If you do find yourself face-to-face with an alien, they are brutal, fast, and deadly. Each monster has a table of signature moves, some of which are instantly deadly to players. That doesn’t mean that every encounter with an alien will end in your death, but you want to make sure you have the equipment and arms necessary. Of course, in a game like Alien something always goes wrong—whether your evac ship crashes or you’re betrayed by a company man trying to make an extra buck—so don’t expect your plan to always work. That’s often where combat comes in.

Combat is swift and lethal, even when not fighting monsters.  Even if you’re a hardened marine, you’re still susceptible to panic. Like tabletop role-playing games based on the Lovecraft Mythos, in Alien you don’t just have your physical health to worry about, but your mental health as well. Stress gauges how well your character is coping with events developing around them—and the more actions you take, the more your stress level can increase. Too much stress, and your character might panic, which could potentially mean doing something stupid and mostly likely even dangerous.

Screenshot: Alien: The Roleplaying Game

If your character dies in Alien: The Roleplaying Game–and it’s very possible they will—then you will be replaced with an NPC to continue on the story. That way, there is shock when characters die, and risky actions have consequences, but players don’t have to sit out the rest of a module as a result.

If you saw the Sulaco in Aliens and dreamt of space battles taking place in the Alien universe, Alien: The Roleplaying Game has you covered. Not only is there space combat, but it is just as fast and brutal as on-foot combat. In fact, if there was an Expanse tabletop role-playing game, I feel like it would have similar space combat rules: those who are seen first are often at a disadvantage. Railguns tear through hulls, and you have to control your EM signatures and emissions to come out on top.

Alien: The Roleplaying Game can be pretty roleplay heavy, but in a way that is easy for those who aren’t super keen on heavy roleplay. If your character’s agenda dictates a certain move, or if there is a status affecting your character, there is usually a rule that dictates how your character should react. That isn’t to say you don’t have control over your character, but if your character panics, you will have to panic in the specific way the table specifies.

Screenshot: Alien: The Roleplaying Game

I just want to take a moment and talk about how much I love the tables that are included in the rulebook. Everything from ship damage, pay charts, to my favorite: panic and critical damage tables. Oh boy, there is some fun stuff there with great moments for roleplaying.

There is player versus player combat (PvP) in Alien: The Roleplaying Game, but for those who don’t enjoy such activities, even that is dictated by specific rules. If your character must initiate (or choses to initiate) PvP combat, the player character who initiated it, if he/she survives, becomes an NPC controlled by the GM, and the player is given an NPC replacement.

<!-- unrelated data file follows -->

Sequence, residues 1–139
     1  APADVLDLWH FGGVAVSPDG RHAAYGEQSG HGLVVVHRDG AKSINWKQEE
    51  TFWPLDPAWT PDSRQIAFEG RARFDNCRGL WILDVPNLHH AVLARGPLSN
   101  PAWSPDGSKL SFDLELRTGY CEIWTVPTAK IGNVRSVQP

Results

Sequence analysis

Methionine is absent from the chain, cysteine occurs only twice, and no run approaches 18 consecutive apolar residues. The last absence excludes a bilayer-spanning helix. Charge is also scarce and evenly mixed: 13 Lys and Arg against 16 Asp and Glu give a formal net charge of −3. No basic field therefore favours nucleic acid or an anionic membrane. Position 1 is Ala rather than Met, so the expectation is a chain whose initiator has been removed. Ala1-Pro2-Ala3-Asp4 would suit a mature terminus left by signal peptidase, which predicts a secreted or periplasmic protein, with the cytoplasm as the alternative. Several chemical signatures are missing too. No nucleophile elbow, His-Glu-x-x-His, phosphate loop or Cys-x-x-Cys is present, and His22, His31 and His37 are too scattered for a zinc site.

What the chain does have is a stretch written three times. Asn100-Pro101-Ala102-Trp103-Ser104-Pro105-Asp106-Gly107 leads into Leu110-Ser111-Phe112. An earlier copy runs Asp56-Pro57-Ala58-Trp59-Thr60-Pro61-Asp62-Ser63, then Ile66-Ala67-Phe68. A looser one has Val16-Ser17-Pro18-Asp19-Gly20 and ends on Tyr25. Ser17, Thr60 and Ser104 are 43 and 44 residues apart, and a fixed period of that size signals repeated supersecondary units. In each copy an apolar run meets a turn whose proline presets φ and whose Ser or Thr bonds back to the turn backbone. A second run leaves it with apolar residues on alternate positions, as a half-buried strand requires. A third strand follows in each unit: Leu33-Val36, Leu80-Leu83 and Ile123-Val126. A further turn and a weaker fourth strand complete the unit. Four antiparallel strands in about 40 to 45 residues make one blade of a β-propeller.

The rulebook itself is gorgeously illustrated. The flavor art really puts you into the world of Alien, and gets the creative juices flowing for anyone wanting to start a game for themselves. The rules are succinct, and well written. There is very little fluff, and very little repetition. Everything is laid out in a supremely logical, and extremely intelligent way. I wish more TTRPGs would follow suit.  My only complaint is the lack of creature pictures for flavor and inspiration. There are a lot of pictures of the OG Xenomorph, but few of neomorphs and creatures introduced in more recent films.


Screenshot: Alien: The Roleplaying Game

Chariot of the Gods


We played through the Chariot of the Gods scenario (sold separately.) And while it’s a GREAT way to start out in Alien: The Roleplaying Game, it’s also a bit disappointing for various reasons. If you’re a player interested in this scenario, you may want to look away, but I really only have one spoiler-filled gripe: the lack of Xenomorphs.

Chariot of the Gods is fast-paced, and has the exact feel of an Alien film. Its pacing is slow at first, but the tension builds suitably, and it isn’t long before characters start to suffer grisly fates.

We loved our playthrough of Chariot of the Gods, and may use it as a launching pad for a bigger Alien campaign—for the survivors, that is.



In space, no one can hear you scream, but your friends sitting around you at the table can. I love Alien: The Roleplaying Game. It manages to deftly capture the feel of Alien with a system that is robust enough to have the many, varied adventures that are possible in this setting. Alien will probably be our go-to for one-shots in-between our main campaign (that uses another system.) It definitely will stay in our rotation.

Alien: The Roleplaying Game is available to purchase on the website now,  where you can also purchase the Chariot of the Gods module and accessories like dice and deck.



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Antal Bokor

Antal is video game advocate, retro game collector, video game historian, and small streamer.
He is also the editor of the Games and Tech section but does not get paid for his work at 3CR.